Post-truth and the Search for Objectivity: Political Polarization and the Remaking of Knowledge Production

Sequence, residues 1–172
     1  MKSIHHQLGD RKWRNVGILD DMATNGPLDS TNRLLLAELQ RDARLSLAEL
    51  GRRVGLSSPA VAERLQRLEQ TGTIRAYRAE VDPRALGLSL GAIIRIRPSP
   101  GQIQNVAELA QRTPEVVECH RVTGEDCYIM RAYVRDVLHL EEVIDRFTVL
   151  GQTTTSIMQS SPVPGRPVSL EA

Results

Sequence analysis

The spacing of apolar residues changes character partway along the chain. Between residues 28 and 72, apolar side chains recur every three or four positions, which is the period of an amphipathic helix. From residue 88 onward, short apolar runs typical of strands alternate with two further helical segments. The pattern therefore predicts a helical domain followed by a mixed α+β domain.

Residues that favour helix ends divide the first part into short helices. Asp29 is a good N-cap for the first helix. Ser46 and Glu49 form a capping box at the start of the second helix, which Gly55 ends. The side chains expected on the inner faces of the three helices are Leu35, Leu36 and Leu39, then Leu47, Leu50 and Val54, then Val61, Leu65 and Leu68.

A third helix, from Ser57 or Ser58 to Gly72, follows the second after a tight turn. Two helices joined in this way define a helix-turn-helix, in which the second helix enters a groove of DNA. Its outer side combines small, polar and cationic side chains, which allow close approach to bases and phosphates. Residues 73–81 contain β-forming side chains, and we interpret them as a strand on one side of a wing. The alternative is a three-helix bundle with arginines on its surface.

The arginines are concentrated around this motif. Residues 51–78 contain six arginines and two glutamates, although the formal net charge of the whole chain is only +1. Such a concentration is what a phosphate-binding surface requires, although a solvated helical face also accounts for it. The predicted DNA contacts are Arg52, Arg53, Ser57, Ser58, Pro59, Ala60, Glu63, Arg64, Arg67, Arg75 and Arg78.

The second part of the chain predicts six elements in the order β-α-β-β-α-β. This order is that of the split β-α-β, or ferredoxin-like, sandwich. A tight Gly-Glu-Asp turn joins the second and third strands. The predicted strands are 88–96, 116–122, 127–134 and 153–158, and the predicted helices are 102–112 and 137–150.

The United States has entered an era of “post-truth” as even seemingly proven facts seem open to contestation. The contests over facts range from the existential (when conservatives deny climate change) to the trivial (when the Trump administration questions the audience figures of its own inauguration ceremony). This essay combines two literatures on post-truth that rarely speak to each other: institutional political science analyses of American political polarization and STS analyses of “objectivity” in science and public life. I argue that post-truth is the outcome of two interlocking processes that have transformed the American public sphere: (1) the re-configuring of American political identities around the Republican and Democratic parties, and (2) the establishment of an alternative media ecosystem around the Republican Party whose legitimacy derives from its questioning of the “objectivity” of mainstream media institutions. Drawing on STS theorizations of the construction of objectivity, I contend that to recreate an objective public sphere will require an institutional arrangement that is based not on demarcating facts from values—or right facts from wrong facts—but on demarcating people and institutions who seek to enter this public sphere.
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